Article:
Essential Mayors Weekend
Masterclass #1
What’s my personal mayoral brand and how do
I develop it further?
Presented by Bel...
Masterclass outline

The Big Question
What’s your personal mayoral brand and how can you
develop it further?
Masterclass Overview

We’ll explore the answers to this question by covering the following
topics:
Branding – product/serv...
Survey outcomes
1. Do you have a good understanding of what your current brand is?
Two thirds said YES. The remainder were...
Survey outcomes
4. Do you have a specific branding question or issue you'd like to be
covered during the session?
How do y...
Survey outcomes

5.In a local government context (here, interstate or
overseas) who do you think does a great job at
manag...
What do we mean by ‘brand’?
First of all – even in the marketing world, a brand is
not just a product or a logo
Brands rep...
Defining brand
Definition sourced from http://sethgodin.typepad.com

define: Brand
Here's Seth Godin’s definition: A brand...
Your personal brand

“Your brand is what people say about you
when you’re not in the room.”
Jeff Bezos, founder of Amazon
Find those shiny pebbles
To build or manage your personal brand, you need to
know yourself.
Your values, your strengths, y...
Is a BIG brand a GOOD brand?

“If you think you’re too small to have an impact, try
going to bed with a mosquito in the ro...
Qualities of an effective brand
For your audiences – their overall satisfaction or
otherwise depends on whether expectatio...
Your brand vs. Council’s brand
Your organisation would have a business plan containing values
and priorities for a preferr...
Strategic communication approaches
When we looked at ways to leverage your personal
brand, I listed some activities and te...
Strategic communication
and brand in action
Brand in Action Activity
Time for some practical application with a team
appro...
Brand management on social media
(content informed by SlideShare presentation given by Rubina Carlson)

Popular political ...
Social media as brand channel

Twitter - Microblogging site ( posts of up to 140
characters, hashtags # )
Posts occur more...
Social media as brand channel

Facebook - A social networking site - platform to
share news, photos, videos, links
Why pol...
Social media as brand channel

Most popular video sharing site
Register, then customise your own channel
Why politicians l...
Social media as brand channel

LinkedIn – seems to have been a sleeping giant.
I like to think of it as Facebook for grown...
Social media as brand channel

Other options that may be in your ‘mix’
Instagram
Pinterest
Google+
Tumblr
REMEMBER – use t...
Social media demographics
An excellent, Australian reference for current social
media/social business statistics
Yellow™ S...
Social media governance – general
Adapted from information sourced from: http://socialmediagovernance.com/

Questions to a...
Social media governance – general
Other hints
Protect your privacy
Be safe
Keep your professional and personal lives separ...
Who does a great job?
Robert Doyle, but that is probably mainly because of the
high level of exposure he gets.
Boris Johns...
Mayor of Geelong
NEXT!

With that in mind, I thank you for your input, and
hope you enjoy the rest of what will be a truly
excellent weeken...
Managing your Mayoral Brand, VLGA Essential Mayors Weekend 01/14
Upcoming SlideShare
Loading in...5
×

Managing your Mayoral Brand, VLGA Essential Mayors Weekend 01/14

416
-1

Published on

This masterclass presentation was developed for current Victorian Mayors from both metropolitan and rural regions. The presentation and accompanying workshop covered elementary branding (and marketing) knowledge and how social media has forever changed the way personal brands are managed.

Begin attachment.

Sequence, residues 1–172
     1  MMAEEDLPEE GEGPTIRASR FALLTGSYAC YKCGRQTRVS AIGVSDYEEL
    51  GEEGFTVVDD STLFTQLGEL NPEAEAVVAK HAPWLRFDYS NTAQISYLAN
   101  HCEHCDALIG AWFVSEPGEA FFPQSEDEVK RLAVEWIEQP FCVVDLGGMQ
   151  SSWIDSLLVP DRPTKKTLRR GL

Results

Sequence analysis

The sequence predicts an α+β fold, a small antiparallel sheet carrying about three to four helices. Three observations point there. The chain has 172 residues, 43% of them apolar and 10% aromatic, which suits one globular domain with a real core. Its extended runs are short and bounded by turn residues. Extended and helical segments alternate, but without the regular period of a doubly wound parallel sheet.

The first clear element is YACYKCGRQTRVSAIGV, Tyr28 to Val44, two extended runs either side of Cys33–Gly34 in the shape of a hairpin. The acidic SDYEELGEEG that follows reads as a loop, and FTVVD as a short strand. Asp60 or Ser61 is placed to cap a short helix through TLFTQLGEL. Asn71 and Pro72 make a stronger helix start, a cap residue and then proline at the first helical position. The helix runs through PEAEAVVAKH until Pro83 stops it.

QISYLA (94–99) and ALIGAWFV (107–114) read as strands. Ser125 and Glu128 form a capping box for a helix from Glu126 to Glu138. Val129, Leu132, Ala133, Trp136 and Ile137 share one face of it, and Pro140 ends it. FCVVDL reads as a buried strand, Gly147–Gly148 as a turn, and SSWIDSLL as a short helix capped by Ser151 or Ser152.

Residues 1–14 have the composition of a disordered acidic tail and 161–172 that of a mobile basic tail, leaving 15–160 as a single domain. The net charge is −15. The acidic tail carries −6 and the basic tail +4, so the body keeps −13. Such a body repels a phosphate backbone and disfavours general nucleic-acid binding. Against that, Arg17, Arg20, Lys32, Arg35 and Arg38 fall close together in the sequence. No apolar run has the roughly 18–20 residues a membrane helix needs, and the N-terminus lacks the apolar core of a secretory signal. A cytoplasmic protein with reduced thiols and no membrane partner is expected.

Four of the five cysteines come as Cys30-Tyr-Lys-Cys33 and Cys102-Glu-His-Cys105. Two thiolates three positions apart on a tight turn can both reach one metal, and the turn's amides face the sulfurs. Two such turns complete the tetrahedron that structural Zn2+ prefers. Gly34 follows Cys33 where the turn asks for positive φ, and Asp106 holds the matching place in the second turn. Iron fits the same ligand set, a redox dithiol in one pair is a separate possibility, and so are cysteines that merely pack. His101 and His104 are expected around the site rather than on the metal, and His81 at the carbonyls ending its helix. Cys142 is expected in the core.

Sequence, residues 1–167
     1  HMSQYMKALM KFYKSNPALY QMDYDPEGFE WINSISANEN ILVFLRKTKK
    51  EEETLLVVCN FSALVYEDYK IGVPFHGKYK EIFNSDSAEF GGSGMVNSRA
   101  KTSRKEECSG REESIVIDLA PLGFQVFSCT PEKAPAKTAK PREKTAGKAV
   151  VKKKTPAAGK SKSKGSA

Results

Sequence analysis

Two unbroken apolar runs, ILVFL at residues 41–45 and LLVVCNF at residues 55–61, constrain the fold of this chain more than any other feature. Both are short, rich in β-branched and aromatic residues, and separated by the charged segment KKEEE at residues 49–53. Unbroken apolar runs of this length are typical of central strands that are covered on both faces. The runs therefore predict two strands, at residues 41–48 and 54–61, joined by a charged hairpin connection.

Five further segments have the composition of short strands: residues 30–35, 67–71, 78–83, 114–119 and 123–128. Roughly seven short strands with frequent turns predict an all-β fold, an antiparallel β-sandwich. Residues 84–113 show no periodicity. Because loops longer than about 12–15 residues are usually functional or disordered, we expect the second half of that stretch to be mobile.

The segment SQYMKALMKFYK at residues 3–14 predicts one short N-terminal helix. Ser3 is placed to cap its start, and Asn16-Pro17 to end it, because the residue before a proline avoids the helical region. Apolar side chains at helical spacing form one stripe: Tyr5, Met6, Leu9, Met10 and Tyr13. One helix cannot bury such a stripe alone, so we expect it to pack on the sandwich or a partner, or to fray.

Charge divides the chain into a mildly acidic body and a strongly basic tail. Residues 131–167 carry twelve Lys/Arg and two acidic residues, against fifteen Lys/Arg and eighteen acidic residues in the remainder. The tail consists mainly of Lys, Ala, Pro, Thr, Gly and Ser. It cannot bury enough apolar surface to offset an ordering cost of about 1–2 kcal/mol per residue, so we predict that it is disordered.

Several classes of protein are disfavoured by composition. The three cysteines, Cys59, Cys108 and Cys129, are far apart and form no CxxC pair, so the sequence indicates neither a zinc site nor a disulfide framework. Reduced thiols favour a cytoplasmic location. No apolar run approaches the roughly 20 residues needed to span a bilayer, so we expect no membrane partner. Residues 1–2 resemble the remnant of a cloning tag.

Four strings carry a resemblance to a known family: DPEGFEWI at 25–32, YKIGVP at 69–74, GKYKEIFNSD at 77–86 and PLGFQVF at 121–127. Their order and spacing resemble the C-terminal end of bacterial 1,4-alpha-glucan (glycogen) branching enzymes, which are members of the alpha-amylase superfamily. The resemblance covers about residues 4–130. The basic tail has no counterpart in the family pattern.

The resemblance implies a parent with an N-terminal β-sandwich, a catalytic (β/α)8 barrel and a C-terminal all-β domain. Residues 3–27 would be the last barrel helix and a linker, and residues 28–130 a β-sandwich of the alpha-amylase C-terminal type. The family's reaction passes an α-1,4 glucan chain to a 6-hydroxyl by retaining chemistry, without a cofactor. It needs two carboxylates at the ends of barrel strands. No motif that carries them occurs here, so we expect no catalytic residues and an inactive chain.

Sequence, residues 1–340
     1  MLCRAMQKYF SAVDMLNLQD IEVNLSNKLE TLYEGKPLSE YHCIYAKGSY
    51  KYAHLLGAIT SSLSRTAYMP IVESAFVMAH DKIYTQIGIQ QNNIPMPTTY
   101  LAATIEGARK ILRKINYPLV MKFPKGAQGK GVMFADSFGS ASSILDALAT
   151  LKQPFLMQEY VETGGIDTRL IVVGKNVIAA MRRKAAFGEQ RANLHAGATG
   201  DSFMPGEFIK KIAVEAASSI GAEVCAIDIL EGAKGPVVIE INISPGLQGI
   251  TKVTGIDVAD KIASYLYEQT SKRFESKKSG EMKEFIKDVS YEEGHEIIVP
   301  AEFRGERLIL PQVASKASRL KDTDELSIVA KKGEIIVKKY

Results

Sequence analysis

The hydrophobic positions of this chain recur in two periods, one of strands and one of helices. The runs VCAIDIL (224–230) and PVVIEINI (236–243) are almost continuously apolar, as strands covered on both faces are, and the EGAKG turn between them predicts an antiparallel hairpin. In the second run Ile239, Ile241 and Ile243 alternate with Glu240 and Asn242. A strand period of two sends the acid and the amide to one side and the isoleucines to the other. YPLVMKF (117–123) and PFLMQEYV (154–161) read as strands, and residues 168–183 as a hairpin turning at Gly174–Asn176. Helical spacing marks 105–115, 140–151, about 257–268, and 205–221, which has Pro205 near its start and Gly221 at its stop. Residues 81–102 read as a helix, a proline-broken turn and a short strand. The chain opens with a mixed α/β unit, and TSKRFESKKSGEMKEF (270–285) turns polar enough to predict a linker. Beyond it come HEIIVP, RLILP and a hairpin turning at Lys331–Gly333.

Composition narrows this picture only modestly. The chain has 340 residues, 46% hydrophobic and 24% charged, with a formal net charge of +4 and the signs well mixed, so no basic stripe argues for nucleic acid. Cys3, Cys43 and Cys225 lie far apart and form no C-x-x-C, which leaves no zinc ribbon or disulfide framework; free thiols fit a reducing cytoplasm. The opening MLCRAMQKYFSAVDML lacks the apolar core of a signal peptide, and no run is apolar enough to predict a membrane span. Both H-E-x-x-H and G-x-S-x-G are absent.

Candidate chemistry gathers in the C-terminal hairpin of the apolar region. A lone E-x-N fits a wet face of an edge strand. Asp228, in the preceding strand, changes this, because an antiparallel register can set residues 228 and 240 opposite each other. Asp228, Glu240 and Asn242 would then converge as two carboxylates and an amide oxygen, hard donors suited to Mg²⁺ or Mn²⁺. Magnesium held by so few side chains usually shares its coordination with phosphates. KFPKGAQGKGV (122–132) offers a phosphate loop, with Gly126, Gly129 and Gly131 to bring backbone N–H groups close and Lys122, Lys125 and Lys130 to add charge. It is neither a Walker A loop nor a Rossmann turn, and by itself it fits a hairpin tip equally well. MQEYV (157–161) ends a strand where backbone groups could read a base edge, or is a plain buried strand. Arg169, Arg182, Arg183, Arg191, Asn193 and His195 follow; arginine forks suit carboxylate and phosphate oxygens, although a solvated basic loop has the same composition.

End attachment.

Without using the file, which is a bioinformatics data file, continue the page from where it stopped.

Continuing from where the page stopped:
The presentation unpacks key terms and provides definitions and examples of personal brand management in action.
All content was produced for the Victorian Local Government Association's Essential Mayors Weekend 2014.

Published in: Marketing, Business, Technology
0 Comments
0 Likes
Statistics
Notes
  • Be the first to comment

  • Be the first to like this

No Downloads
Views
Total Views
416
On Slideshare
0
From Embeds
0
Number of Embeds
0
Actions
Shares
0
Downloads
2
Comments
0
Likes
0
Embeds 0
No embeds

No notes for slide
  • My name is Belinda MacLeod-Smith, and while I’m not the social media guru you may have been expecting, what I am a guru of is communication, marketing and public relations. My personal digital footprint may not be deep, but it’s certainly broad. From a personal perspective, I regularly use (or manage on behalf of clients) LinkedIn (manage group)Facebook (personal and company pages)Twitter (personal account only)eBlogger (personal)YouTubePinterestInstagramYelpSlideShare I’ve also designed and built websites, and created and implemented a range of on and off-line community engagement and evaluation strategies. You can find my full profile on LinkedIn, which will be a Now, there’s a lot of things today will cover, but one thing that won’t be the best use of our time is spending too much on the ‘nuts and bolts’ of how to use these platforms. I will take you on a quick tour of LinkedIn. But don’t worry, if you do have burning ‘how to questions’, we will be having a Q&A session at the end with myself and the very talented and experienced Dan Hoban from session sponsors, Delib. Dan has an incredible breadth of experience in the digital media space, and has promised to lend his brain if there are any really tricky questions.I like to run a fairly informal and interactive session, however I do ask you permission to keep us on time, and respect the other participants by having just one person speak at a time.If there’s a BURNING ISSUE that you’d like addressed during the Q & A at the end of the session, you’ll note I’ve set up a ‘CARPARK’ over here – simply write your question on there, or pop a post it note up and we’ll get to it at the end. But of course we will cover some important ‘hints and tips’ relating to critical areas such as privacy settings, security and the ever present ‘terms and conditions of use’. The other thing I must mention is that given the timeframe in which I had to prepare, I have relied upon social media to source information so that this session would provide as much value to you as possible. In all cases, I attribute the source, author and location – these details will appear in the presentation notes that’ll be provided to you after the session. I have also made the session available on SlideShare, an excellent resource sharing platform.